EAST HARTFORD — The day started with renewed hope and the temporary traction gained by the first victory ever against a Top 25 team on the road.
The day started with Beef O'Brady's Bowl or Bust! And all that sort of meaty, motivational senior day stuff.
The season ended with the thud of Chandler Whitmer's helmet driven into the Rentschler Field turf. The season ended with the sight of too many empty seats in the Rentschler Field stands. And the 2012 season ended with what must be a steely resolve that UConn's offense cannot, must not, stink it up for so many games again in 2013.
After Whitmer was knocked out of the second game in a row with what he — not anyone from UConn — identified as a concussion, the Huskies' quarterback surely will go through a battery of tests in the coming days to make sure he's OK.
Yet if the sight-and-smell test of the season-ending 34-17 loss to Cincinnati tells us anything, it's this: What UConn must address in the coming weeks and months is a rededication to making sure that the football program regains the uphill track it had been on until Randy Edsall bolted after the Fiesta Bowl in January 2011.
Otherwise, there will continue to be the entire rows of empty seats for a most intriguing Big East finale that could have put UConn in a bowl game and did give Cincinnati a four-way piece of the Big East title. Otherwise, the ACC, the Big Ten or whatever would-be suitor isn't going to be thrilled with State U.
The program-low 22,500 season tickets — after a high of 32,000 in 2005 — must improve. The program-low average of 34,672 fans after an announced crowd Saturday of 33,112 must improve. And to be honest, I had maybe 25,000 to 26,000 folks in the stands on this cold day.
Coach Paul Pasqualoni stood there for 20 minutes after this game and this season got away from his team. He stood there politely. He answered questions in a gentlemanly, if entirely unspectacular, fashion.
But he must know this: Back-to-back 5-7 seasons aren't good enough. A 10-14 record through two seasons in charge isn't good enough. And an offense that ranked last in the Big East at 17.7 points and 318.3 total yards isn't nearly good enough. Coming into Saturday, the Huskies were ranked 113th of 120 teams nationally in total offense. And coming on the heels of a similar ranking in 2011, well, the status quo isn't good enough.
He must address offensive coordinator George DeLeone's holding jobs as both offensive coordinator and line coach. DeLeone should do one or the other. Athletic director Warde Manuel, armed with proof that firing coaches after two years has not proved fruitful, isn't firing Pasqualoni after this season. No way. No how. So save your breath, folks. Yet if Pasqualoni balks at any and all suggestions at ways to improve the offense, well, that's not smart. And if he does, clearly the weight is all on him.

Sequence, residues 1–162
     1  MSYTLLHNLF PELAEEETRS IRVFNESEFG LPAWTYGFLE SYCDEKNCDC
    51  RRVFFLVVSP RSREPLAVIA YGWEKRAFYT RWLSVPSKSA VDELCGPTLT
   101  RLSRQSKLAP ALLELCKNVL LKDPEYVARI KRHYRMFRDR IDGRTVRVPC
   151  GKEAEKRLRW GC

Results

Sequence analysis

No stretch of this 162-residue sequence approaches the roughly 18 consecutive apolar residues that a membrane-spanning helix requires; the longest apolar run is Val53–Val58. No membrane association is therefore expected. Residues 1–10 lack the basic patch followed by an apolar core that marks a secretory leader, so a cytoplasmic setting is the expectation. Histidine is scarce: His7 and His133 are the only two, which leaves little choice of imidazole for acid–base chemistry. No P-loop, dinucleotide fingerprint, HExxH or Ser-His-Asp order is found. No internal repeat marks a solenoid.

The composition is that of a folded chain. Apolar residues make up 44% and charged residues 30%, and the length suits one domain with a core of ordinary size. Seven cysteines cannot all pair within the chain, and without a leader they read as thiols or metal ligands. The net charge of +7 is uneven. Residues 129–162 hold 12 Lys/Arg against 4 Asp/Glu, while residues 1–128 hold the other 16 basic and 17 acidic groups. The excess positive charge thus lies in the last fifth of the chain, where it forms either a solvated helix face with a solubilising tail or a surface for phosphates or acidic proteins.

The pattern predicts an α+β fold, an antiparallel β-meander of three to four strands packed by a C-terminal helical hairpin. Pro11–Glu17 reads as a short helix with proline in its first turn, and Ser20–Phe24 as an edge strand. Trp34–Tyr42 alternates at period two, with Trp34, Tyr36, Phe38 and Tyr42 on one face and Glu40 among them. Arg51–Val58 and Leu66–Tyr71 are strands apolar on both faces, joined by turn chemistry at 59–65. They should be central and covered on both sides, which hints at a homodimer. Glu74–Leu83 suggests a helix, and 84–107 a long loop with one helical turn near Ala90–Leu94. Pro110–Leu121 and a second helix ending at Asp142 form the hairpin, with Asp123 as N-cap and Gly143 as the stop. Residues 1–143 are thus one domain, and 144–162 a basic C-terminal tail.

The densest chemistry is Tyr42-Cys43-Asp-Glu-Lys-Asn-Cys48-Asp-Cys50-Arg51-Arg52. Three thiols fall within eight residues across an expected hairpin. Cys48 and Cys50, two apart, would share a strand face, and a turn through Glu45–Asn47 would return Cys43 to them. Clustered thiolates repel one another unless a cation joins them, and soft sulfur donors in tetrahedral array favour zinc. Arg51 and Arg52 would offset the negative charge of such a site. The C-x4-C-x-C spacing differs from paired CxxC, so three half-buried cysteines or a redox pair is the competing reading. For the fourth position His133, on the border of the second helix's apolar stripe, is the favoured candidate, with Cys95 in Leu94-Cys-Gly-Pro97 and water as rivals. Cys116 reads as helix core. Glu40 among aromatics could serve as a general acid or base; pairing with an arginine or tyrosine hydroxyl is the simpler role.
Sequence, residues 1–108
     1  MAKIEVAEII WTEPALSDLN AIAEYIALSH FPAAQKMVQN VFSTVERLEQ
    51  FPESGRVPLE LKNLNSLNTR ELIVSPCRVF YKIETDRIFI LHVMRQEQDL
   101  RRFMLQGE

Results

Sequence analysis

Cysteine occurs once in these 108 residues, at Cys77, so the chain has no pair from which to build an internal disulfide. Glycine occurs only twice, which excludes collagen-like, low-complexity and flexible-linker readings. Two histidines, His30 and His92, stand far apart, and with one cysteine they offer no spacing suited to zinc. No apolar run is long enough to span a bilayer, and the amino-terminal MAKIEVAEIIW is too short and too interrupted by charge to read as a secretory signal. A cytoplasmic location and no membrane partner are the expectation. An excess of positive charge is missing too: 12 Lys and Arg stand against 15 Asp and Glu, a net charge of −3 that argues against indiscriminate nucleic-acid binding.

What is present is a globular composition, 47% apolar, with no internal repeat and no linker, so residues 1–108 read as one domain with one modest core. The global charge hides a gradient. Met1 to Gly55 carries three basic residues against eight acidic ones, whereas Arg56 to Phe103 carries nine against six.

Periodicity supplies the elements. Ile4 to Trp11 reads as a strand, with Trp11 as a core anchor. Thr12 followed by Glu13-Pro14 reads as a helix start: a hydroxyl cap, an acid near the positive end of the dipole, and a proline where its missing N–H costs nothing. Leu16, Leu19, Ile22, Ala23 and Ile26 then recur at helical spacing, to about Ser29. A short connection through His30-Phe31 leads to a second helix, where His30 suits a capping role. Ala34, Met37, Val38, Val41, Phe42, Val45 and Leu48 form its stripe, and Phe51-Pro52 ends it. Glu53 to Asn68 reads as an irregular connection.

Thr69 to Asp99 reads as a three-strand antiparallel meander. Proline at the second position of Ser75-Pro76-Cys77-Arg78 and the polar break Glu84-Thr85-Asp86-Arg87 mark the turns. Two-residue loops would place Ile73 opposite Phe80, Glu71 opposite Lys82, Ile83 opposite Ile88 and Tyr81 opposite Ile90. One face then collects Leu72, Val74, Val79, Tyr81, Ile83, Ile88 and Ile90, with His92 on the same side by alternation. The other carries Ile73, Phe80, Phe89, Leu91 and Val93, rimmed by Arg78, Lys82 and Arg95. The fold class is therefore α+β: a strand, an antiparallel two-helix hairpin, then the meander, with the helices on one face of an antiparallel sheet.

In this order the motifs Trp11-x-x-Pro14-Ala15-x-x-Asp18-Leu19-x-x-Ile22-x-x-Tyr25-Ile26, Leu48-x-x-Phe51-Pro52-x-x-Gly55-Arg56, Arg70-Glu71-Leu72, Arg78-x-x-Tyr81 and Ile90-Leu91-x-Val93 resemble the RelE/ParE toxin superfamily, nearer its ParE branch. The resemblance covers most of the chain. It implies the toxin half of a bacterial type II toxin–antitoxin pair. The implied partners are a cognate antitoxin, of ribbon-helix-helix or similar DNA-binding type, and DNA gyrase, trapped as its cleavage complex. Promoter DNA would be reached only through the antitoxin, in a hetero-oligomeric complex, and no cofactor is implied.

When asked if the team should have been better than 5-7, Pasqualoni talked the giveaway-takeaway ratio. He talked about two years of close games that could have changed with a turnover here, a field position there, a little thing anywhere.
Sorry, Paul, but this is the last time the close-but-no-cigar defense works. Next season, you've got to do better than 5-7.
Yes, the Huskies showed spine in winning against Pittsburgh and at Louisville. They showed some spine in twice battling back in this game, but the Bearcats blew it open in the fourth quarter. The good news is that the Huskies finally scored their only touchdown in the second half of a Big East game (not counting overtime). The bad news is that two Johnny McEntee interceptions helped pave the way to 13 unanswered points in the fourth quarter.
McEntee, who threw a touchdown pass in overtime at Louisville, entered in the third quarter after a trick play ended Whitmer's season.
"I'm all right; I guess I blacked out and they wanted to take precautions since I had a concussion last week," Whitmer said. "They just didn't want me to go back in. It's part of football. The doctors say you don't want to mess around with your head."
Asked if this was worse than last week when he was knocked out of the game in Louisville, Whitmer said, "No, no, last week was pretty bad. I think being back so soon with getting hit again, they just didn't want to risk anything."
Whitmer had been crushed by Dan Giordano three plays earlier when Giordano got called for roughing the passer. There was a timeout. Scott McCummings went in for a play. But then Whitmer was left vulnerable on a trick play. He got smashed by Greg Blair along the sideline and got called for intentional grounding as he crashed to the turf.
Pasqualoni said a conservative approach was taken with Whitmer. He said as a coach he doesn't like to play doctor. And as a sports writer, I don't either. But mounting blows to the head are one of the greatest fears in athletics today. And if the UConn staff isn't wondering if they left Whitmer vulnerable with that trick play, well, they aren't human.
"Absolutely not," Whitmer answered when asked if he felt he shouldn't have gone out there. "I passed all my tests. There were extensive tests. I took days off. I was able to subside the headache and [handle] the bright lights. After that I was good. I was good to play. They did what was best and smart. I just happened to get hit again."
The cumulative effect of head blows is always a concern. Pasqualoni says once the evaluation is done on Whitmer, he'll let us know. We will hold him to that.
"Am I concerned long term?" Pasqualoni said. "I'll be concerned if the medical staff is concerned."
"I'll have to see what they say," Whitmer said. "We have a great medical staff. They'll stay on top of it. I'm not too worried."
Pasqualoni, meanwhile, had better be worried about this program. He should be worried. Manuel, too. A day of hope crashed into a disappointing season.